Surprise, Surprise, Herald gets it wrong again

This morning David Fisher had an article about a “leaked” report from Defense that “blasted army training”.

A leaked report has strongly criticised the training given to an army contingent sent to Afghanistan which lost five of its members in combat.

The Defence Force has admitted the group left New Zealand with gaps in their training.

The report was written by a sergeant in military intelligence who reviewed the group’s preparation in Hawkes Bay, where the troops performed exercises simulating situations they were likely to encounter in Bamiyan province.

The only problem with Fisher’s assertions is that they are wrong. The Defense Force has not admitted anything of the sort (only one sergeant, and in a stolen leaked report)…in fact they have issued a press release saying that Fisher’s article is wrong.

Statement from the Vice Chief of Defence Force, Major General Tim Keating 

A report in the NZ Herald today that states the Defence Force sent ill-prepared soldiers to Afghanistan is incorrect.

Our pre-deployment training (PDT) is designed for individual missions on a case by case requirement to ensure that troops are adequately prepared for a broad range of situations they will and may encounter once deployed into their mission area.

When CRIB 20 assumed command they had been independently assessed as capable, having completed all the appropriate PDT and in-theatre training. CRIB 20 personnel were focused, positive and ready to get on with the job.

The leaked report mentioned in the Herald article is only one report written by one of 23 evaluators and mentors (Subject Matter Experts) who observed Exercise Afghan Step (the field exercise portion of CRIB 20 Pre Deployment Training).?On completion of Ex Afghan Step each evaluator provided his / her assessment of the contingent’s readiness within their specific area of expertise. These assessments were aggregated by the Army’s Collective Training Centre and submitted to Headquarters Joint Forces New Zealand. Any areas of concern were addressed with further training. On review, the bulk of the comments made in the report referred to were not reflected in the final status report. It should also be noted that it was the first time that the author of those comments had observed on a PDT exercise.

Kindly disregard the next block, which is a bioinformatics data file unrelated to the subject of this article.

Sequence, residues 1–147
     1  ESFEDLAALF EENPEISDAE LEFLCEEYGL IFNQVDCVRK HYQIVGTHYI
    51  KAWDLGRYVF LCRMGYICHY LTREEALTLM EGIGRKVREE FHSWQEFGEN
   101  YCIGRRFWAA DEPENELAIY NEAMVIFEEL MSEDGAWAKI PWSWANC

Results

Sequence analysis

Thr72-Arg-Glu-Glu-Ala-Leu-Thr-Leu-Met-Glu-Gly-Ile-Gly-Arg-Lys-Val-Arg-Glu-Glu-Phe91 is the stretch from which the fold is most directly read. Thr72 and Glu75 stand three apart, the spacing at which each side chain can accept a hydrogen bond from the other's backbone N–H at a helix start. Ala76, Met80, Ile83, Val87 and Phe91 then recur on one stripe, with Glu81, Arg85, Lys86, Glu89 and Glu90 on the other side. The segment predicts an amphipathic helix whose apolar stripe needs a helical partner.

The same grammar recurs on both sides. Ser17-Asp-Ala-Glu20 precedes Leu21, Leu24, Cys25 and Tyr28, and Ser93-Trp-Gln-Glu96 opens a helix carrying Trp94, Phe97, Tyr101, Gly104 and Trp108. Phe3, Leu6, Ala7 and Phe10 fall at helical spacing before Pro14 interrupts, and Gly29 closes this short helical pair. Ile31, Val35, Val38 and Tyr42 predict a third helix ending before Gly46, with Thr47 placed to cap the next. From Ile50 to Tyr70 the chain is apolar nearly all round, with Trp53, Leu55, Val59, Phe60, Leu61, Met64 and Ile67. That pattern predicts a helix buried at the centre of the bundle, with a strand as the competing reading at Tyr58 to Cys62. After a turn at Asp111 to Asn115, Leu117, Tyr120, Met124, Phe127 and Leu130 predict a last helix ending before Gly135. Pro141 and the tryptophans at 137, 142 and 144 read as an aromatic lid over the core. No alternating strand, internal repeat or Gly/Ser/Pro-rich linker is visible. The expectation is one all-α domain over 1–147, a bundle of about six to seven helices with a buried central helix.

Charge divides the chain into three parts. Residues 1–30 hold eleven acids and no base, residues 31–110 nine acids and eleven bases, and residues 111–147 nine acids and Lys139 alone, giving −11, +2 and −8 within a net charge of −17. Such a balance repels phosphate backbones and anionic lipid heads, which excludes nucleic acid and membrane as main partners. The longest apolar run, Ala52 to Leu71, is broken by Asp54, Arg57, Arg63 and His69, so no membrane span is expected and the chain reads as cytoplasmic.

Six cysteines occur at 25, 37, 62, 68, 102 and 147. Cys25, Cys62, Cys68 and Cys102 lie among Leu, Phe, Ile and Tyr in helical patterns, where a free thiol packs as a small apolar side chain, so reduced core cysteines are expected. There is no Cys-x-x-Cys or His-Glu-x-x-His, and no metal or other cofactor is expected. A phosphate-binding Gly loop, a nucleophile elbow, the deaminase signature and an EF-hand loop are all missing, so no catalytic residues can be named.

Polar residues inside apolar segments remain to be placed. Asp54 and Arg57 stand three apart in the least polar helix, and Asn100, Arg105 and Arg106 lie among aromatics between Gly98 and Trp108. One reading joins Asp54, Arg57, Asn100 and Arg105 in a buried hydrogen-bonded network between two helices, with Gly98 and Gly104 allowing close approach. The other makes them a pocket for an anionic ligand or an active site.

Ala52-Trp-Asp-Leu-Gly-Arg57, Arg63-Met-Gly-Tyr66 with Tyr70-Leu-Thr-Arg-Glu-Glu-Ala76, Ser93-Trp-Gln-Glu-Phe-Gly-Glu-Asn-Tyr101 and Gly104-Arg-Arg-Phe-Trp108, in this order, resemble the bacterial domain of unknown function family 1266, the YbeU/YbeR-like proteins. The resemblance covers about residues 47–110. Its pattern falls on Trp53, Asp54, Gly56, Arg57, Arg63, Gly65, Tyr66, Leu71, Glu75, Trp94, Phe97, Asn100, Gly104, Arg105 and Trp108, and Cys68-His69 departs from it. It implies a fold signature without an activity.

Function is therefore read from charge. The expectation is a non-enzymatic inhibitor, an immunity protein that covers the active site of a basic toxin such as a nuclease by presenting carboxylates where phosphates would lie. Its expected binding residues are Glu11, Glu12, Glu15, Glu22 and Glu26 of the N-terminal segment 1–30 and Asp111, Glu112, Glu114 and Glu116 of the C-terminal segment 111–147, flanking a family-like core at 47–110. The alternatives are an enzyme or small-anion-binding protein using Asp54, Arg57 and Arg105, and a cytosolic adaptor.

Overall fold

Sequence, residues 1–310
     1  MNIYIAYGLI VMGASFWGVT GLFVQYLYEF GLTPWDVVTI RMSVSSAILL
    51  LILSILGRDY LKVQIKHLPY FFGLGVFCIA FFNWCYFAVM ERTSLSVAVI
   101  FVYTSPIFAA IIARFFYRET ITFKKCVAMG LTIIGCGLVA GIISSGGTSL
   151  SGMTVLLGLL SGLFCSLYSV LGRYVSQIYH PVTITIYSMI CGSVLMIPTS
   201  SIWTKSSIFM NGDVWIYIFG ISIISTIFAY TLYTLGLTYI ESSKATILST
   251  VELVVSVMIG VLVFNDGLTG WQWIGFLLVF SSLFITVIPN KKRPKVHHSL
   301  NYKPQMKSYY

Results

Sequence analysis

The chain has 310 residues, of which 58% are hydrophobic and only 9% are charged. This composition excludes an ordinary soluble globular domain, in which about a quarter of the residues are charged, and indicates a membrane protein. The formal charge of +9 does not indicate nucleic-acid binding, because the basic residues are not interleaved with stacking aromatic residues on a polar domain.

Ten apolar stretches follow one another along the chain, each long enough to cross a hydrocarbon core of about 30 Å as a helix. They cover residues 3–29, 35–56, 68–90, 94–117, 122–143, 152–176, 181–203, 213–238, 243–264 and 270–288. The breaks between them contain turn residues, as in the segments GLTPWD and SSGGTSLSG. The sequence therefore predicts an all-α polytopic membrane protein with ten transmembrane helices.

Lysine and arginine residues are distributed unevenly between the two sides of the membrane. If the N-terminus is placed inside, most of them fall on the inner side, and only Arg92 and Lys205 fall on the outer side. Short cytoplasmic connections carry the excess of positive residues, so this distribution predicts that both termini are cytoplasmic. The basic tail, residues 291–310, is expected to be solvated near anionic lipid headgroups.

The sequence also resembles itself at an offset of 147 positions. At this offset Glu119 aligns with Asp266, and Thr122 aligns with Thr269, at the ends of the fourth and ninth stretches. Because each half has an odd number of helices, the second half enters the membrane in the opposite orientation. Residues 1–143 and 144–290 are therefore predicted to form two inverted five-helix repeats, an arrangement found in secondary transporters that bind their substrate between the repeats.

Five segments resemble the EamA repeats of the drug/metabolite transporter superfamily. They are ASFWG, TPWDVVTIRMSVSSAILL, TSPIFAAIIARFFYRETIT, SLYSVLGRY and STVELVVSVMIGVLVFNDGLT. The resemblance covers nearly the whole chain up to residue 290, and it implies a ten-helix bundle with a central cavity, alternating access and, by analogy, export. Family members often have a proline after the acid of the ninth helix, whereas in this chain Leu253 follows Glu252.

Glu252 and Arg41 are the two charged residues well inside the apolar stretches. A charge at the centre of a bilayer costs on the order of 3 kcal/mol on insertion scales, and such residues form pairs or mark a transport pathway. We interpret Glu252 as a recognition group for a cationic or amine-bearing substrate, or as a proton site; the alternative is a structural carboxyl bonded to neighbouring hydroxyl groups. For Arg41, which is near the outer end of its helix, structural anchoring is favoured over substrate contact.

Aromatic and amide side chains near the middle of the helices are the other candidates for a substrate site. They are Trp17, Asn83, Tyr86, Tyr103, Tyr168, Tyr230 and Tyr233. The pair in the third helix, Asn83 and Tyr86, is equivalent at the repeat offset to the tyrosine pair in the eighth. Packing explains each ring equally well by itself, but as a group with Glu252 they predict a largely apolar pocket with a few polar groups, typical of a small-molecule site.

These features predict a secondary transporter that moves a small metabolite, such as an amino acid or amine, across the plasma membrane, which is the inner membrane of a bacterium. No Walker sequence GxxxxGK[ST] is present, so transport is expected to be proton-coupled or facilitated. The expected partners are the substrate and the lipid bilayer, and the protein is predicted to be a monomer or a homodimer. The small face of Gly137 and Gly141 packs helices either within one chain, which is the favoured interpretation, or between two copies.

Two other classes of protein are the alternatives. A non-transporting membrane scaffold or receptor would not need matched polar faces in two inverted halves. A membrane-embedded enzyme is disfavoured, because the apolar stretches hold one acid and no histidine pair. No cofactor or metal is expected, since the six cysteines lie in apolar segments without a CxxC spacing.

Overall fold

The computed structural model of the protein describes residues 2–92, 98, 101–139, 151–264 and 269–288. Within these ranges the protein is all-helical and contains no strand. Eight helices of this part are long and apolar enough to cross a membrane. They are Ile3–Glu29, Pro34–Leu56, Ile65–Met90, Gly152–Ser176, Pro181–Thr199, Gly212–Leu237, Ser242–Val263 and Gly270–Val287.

There is always a requirement for some level of in-theatre/country specific training for any mission, this in theatre training also addressed the areas identified for further training during Ex Afghan Step in NZ.

The highest priority is given to ensuring the safety of our personnel while in theatre.

You really have to start questioning the integrity of everything Fisher writes these days.


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As much at home writing editorials as being the subject of them, Cam has won awards, including the Canon Media Award for his work on the Len Brown/Bevan Chuang story. When he’s not creating the news, he tends to be in it, with protagonists using the courts, media and social media to deliver financial as well as death threats.

They say that news is something that someone, somewhere, wants kept quiet. Cam Slater doesn’t do quiet and, as a result, he is a polarising, controversial but highly effective journalist who takes no prisoners.

He is fearless in his pursuit of a story.

Love him or loathe him, you can’t ignore him.

To read Cam’s previous articles click on his name in blue.

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